int big = 1999999999; double one = 1.0d; // Double instead of float System.out.println(big * one);

This solution produces the expected output of 1.999999999E9, which is the value obtained when an `int`

is assigned (implicitly cast) to a `double`

.

See also NUM50-J. Convert integers to floating point for floating-point operations for more information about mixing integer and floating-point arithmetic.

## Noncompliant Code Example (Left Shift)

This noncompliant code example shows integer promotion resulting from the use of the bitwise OR operator.

byte[] b = new byte[4]; int result = 0; for (int i = 0; i < 4; i++) { result = (result << 8) | b[i]; }

Each byte array element is sign-extended to 32 bits before it is used as an operand. If it originally contained the value `0xff`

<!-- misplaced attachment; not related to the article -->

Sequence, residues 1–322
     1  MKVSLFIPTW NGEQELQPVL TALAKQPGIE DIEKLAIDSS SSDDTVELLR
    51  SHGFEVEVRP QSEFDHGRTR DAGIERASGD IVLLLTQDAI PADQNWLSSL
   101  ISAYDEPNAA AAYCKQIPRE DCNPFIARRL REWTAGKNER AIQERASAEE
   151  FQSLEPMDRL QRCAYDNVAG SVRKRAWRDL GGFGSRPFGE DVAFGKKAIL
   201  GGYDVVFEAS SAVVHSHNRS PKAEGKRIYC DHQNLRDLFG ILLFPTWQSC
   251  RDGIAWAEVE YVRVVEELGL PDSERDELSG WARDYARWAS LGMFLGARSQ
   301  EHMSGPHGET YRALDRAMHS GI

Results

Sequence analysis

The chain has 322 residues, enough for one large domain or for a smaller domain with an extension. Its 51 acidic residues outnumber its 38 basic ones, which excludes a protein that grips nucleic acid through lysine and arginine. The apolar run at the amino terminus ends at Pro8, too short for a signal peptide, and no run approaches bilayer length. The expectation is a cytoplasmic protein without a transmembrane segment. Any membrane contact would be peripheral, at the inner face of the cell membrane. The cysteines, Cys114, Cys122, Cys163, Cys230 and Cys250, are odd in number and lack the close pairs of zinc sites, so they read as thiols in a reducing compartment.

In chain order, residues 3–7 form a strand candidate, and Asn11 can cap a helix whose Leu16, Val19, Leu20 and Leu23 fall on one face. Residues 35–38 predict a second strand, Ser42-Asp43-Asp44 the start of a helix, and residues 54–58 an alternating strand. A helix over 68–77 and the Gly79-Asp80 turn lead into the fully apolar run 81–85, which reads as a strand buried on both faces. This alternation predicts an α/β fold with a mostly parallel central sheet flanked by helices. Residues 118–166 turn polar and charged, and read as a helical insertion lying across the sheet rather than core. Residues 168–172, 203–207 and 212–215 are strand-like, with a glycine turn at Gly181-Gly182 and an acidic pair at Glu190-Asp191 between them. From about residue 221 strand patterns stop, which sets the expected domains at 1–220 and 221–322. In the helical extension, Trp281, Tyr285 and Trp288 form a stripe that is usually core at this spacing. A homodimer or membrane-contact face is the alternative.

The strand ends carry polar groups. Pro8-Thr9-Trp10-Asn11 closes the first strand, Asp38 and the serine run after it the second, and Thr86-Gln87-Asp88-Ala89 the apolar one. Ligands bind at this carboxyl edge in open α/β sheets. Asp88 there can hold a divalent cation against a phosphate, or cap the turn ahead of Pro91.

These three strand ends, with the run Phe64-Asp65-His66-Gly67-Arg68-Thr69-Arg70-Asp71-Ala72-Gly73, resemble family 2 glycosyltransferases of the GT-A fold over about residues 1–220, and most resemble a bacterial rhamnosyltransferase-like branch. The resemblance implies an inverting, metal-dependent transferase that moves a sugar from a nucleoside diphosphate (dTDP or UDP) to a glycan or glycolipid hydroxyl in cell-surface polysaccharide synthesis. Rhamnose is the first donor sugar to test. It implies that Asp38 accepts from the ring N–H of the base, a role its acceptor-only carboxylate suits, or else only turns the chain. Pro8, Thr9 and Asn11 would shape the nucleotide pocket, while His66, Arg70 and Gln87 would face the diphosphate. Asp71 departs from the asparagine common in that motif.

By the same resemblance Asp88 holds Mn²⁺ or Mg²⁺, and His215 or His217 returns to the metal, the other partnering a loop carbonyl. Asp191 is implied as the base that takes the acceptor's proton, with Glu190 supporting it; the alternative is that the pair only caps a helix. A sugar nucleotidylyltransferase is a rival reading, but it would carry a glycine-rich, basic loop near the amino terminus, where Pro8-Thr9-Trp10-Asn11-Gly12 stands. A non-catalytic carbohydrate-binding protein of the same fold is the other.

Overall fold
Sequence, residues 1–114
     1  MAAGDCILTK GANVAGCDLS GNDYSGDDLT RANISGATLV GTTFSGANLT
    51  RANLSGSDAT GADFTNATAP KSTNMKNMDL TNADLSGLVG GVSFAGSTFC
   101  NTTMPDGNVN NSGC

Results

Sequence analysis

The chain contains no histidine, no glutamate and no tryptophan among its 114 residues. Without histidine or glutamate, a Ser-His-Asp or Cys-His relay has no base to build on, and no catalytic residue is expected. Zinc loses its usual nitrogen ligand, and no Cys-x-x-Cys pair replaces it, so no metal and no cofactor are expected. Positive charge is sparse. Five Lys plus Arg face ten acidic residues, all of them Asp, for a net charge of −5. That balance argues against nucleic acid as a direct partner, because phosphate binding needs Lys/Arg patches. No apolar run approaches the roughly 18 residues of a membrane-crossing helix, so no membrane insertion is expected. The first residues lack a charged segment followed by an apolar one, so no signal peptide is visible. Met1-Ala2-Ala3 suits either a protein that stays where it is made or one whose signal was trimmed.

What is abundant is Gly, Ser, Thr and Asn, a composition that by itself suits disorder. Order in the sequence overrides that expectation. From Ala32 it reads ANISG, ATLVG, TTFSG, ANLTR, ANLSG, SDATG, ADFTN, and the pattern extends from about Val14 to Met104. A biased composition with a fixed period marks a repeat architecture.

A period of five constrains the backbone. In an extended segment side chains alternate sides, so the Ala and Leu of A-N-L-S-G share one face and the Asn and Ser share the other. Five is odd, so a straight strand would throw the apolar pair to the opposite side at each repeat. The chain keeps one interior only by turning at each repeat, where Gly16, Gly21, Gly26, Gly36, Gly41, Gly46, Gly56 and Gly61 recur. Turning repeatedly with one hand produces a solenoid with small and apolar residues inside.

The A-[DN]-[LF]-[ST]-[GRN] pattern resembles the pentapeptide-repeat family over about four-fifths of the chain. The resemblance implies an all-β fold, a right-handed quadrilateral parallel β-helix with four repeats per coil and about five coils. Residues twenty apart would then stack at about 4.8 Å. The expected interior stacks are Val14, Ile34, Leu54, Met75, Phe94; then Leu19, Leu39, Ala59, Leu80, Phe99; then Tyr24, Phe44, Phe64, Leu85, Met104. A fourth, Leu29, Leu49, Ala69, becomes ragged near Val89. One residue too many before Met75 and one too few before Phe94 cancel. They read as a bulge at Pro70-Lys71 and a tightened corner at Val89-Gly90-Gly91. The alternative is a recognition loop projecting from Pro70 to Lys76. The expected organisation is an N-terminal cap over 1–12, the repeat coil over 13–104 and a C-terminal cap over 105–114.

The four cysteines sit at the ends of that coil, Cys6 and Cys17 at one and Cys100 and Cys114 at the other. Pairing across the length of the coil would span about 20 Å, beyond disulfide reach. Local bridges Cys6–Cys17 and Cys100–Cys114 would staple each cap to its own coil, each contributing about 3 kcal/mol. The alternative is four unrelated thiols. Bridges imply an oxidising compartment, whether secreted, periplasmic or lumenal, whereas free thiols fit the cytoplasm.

, it would contain `0xffffffff`

[Findbugs 2008]. This causes `result`

to contain a value other than the concatenation of the four array elements.

## Compliant Solution (Left Shift)

This compliant solution masks off the upper 24 bits of the byte array element to achieve the intended result:

byte[] b = new byte[4]; int result = 0; for (int i = 0; i < 4; i++) { result = (result << 8) | (b[i] & 0xff); }

## Noncompliant Code Example (Compound Addition and Assignment)

This noncompliant code example performs a compound assignment operation.

int x = 2147483642; // 0x7ffffffa x += 1.0f; // x contains 2147483647 (0x7fffffff) // after the computation

The compound operation involves an `int`

value that contains too many significant bits to fit in the 23-bit mantissa of a Java `float`

, causing the widening conversion from `int`

to `float`

to lose precision. The resulting value is frequently unexpected.

## Compliant Solution (Compound Addition and Assignment)

For defensive programming purposes, avoid using any of the compound assignment operators on variables of types `byte`